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Date published

MERICS Economic Indicators Q4/2018

Losing steam: China’s economy shows signs of weakness

China‘s growth has dropped to 6.6 percent in 2018 – the slowest pace since 1990. The continuing trade conflict with the United States, the Chinese government’s struggle against high debt levels and excessive credit have contributed to the slowdown. Party and state leader Xi Jinping himself has voiced concern: China’s economy is facing profound and complicated changes, he said at a meeting of provincial and ministry officials, according to the Xinhua news agency.

In the latest issue of the „MERICS Economic Indicators,“ researchers Max J. Zenglein and Maximilian Kärnfelt argue that the unusually stable period of economic growth under Xi Jinping is coming to an end. They analyze how Beijing tries to support growth by introducing tax incentives, local stimulus programs and investments into infrastructure. However, the increasingly challenging international environment – including  the continuing trade spat with the US and increasing international skepticism about China’s assertive innovation and technology policy – makes a rapid recovery unlikely.

China’s labor market will be a key area to watch in 2019. As the economy has slowed in the past years, so has wage growth. Employment, however, has remained resilient with demand for labor higher than supply. But as concerns about the state of the economy spread, hiring might slow and there could be layoffs – a worrying trend for Beijing ahead of the 100th anniversary of the Communist Party in 2021. To avoid a crisis on the job market, a number of provincial governments have already announced new support measures. The MERICS analysis shows: 2019 will be an extremely  challenging year for China’s economy. 

The MERICS Economic Indicators are published on a quarterly basis and trace the multiple data sets that shape China’s development in key areas, among them growth figures, investment flows, industrial output, financial markets and consumer sentiment.

MERICS Q4 analysis: Chinese economy faces pessimistic outlook for 2019

Slowing economic growth in the second half of 2018 has subdued optimism in China’s economy. It is becoming evident that the government is struggling to sustain GDP growth of between 6 and 6.5 percent. The previous, unusually stable period of economic growth under Xi Jinping is coming to an end. The transition towards a more sustainable growth model while maintaining moderately high GDP growth appears to be less smooth. A slowdown would coincide with preparations for the centennial anniversary of the CCP in 2021, when the country plans to celebrate its strength. Making matters worse, it would come at a time when major international trading partners begin to reassess their economic relationships with China.  

Expanding at 6.6 percent, GDP growth was in line with the official growth target. But with growth falling to 6.4 in the last quarter, the Chinese economy is entering 2019 on much weaker ground. Deteriorating business sentiment is beginning to affect economic activity of private companies and households.  The government is attempting to address these problems before growth slows too fast. Several measures designed to support growth were announced at the Central Economic Work Conference at the end of December while the term stimulus was carefully avoided.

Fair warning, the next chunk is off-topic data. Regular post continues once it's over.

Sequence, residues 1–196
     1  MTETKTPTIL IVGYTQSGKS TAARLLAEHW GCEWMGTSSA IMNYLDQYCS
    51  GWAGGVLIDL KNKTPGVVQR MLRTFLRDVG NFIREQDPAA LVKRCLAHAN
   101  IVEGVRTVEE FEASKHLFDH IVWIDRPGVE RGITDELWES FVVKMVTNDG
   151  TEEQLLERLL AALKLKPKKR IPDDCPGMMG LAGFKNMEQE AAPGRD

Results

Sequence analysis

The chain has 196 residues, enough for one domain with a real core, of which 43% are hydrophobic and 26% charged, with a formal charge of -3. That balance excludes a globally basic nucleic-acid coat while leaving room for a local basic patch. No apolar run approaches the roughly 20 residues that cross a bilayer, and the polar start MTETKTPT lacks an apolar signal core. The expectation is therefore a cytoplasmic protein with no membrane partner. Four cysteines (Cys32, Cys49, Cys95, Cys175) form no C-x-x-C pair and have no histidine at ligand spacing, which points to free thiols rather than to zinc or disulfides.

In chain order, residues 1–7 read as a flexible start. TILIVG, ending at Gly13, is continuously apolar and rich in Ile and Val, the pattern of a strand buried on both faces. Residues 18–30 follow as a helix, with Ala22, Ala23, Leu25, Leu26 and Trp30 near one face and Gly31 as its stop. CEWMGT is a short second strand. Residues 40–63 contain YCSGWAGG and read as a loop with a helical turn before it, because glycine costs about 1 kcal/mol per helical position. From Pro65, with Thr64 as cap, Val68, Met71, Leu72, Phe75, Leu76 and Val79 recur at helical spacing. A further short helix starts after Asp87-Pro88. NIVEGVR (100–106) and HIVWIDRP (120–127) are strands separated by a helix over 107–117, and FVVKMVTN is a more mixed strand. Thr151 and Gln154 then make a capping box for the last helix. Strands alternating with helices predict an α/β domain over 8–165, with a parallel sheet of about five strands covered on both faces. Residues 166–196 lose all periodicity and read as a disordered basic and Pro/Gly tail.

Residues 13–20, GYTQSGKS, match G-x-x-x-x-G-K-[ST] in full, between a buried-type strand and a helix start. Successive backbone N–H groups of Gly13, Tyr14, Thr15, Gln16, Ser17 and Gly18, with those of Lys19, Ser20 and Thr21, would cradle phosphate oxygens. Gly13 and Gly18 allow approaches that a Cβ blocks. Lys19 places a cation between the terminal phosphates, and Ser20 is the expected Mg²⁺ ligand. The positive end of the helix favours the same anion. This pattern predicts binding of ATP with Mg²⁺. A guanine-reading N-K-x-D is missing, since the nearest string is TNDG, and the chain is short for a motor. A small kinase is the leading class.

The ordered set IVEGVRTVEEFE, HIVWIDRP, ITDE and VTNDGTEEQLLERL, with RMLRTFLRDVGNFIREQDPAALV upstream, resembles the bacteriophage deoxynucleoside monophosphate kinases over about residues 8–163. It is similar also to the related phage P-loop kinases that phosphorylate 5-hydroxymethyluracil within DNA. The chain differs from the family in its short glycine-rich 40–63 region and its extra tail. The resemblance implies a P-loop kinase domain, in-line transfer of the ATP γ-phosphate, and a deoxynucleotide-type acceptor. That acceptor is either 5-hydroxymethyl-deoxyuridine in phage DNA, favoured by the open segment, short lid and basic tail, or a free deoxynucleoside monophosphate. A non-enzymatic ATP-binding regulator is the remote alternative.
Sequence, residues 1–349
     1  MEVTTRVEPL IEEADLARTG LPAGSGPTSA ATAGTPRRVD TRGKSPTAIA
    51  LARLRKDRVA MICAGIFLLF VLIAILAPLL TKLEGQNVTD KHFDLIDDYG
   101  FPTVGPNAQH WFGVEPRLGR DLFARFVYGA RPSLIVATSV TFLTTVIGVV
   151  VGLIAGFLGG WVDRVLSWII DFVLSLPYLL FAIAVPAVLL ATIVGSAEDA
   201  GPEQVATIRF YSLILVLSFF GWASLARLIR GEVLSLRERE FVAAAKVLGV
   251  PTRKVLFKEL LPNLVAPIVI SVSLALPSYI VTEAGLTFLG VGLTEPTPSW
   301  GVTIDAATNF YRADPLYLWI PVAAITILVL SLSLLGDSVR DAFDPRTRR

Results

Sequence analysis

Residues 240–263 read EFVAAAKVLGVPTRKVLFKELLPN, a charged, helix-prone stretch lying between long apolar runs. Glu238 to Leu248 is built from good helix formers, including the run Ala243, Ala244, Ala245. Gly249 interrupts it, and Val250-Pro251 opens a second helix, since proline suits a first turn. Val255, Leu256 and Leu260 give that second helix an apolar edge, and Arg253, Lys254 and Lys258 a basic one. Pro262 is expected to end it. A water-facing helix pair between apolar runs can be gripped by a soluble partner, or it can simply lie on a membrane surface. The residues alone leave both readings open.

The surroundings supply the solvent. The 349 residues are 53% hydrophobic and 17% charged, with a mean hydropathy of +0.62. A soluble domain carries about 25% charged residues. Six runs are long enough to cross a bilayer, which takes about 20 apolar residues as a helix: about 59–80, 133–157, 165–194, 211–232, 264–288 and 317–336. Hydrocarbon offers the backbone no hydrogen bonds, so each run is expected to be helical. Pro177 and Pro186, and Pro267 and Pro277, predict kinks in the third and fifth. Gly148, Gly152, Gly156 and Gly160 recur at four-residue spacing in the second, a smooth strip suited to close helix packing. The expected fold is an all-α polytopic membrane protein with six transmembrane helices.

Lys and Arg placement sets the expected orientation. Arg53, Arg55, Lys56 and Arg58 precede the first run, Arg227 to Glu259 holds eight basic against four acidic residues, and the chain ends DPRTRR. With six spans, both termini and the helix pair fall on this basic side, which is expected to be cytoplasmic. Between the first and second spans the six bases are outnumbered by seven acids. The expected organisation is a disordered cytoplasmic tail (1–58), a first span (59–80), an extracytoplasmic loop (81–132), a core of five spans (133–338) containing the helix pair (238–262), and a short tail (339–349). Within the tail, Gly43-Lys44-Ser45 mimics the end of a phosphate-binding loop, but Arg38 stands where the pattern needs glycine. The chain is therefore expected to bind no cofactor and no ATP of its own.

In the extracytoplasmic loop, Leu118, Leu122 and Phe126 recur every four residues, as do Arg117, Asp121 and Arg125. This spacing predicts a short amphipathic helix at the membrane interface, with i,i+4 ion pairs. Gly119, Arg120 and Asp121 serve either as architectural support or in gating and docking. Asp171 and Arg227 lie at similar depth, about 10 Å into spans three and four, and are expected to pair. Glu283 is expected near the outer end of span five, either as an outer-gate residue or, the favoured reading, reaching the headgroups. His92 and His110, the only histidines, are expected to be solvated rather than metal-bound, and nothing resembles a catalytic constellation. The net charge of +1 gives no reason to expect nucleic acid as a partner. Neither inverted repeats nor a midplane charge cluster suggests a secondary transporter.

The MERICS China Confidence Index measures households’ and businesses’ confidence in future income and revenues. The index is weighted between household and business indica-tors. It includes the following indicators: stock market turnover, future income confidence, international air travel, new manu-facturing orders, new business in the service sector, urban households’ house purchase plans, venture capital invest-ments, private fixed asset investments and households’ con-sumption share of disposable income. All components have been tested for trends and seasonality. The MCCI was first developed in Q1 2017.

Fiscal support including various tax breaks, programs by local governments, and new infrastructure spending, were announced. Monetary policy is being fine-tuned with more targeted easing aimed at SMEs.

A more hostile external environment is adding to the concerns. Regardless of the outcome of the trade negotiations with the United States, the strategic rivalry between the two countries will increase in the future. Compared to previous decades, China’s major trading partners are likely to be less accommodating towards its development model and be-come more assertive.

Further complicating things is the increasing interest rate differential between the United States and China. The Fed’s interest rate hikes are increasing the returns on US financial assets compared to Chinese ones. This will heighten the risk of capital outflow, something China has struggled with in the past. Additionally, higher foreign borrowing costs will increase refinancing costs for China’ growing external debt.

China’s labor market will be a key area to watch in 2019. As the economy has slowed in the past years, so has wage growth. Employment however has remained resilient with demand for labor higher than supply. But as concerns about the state of the economy spread, hiring might slow and there could be layoffs. A number of provincial governments have already announced new support measures for labor markets.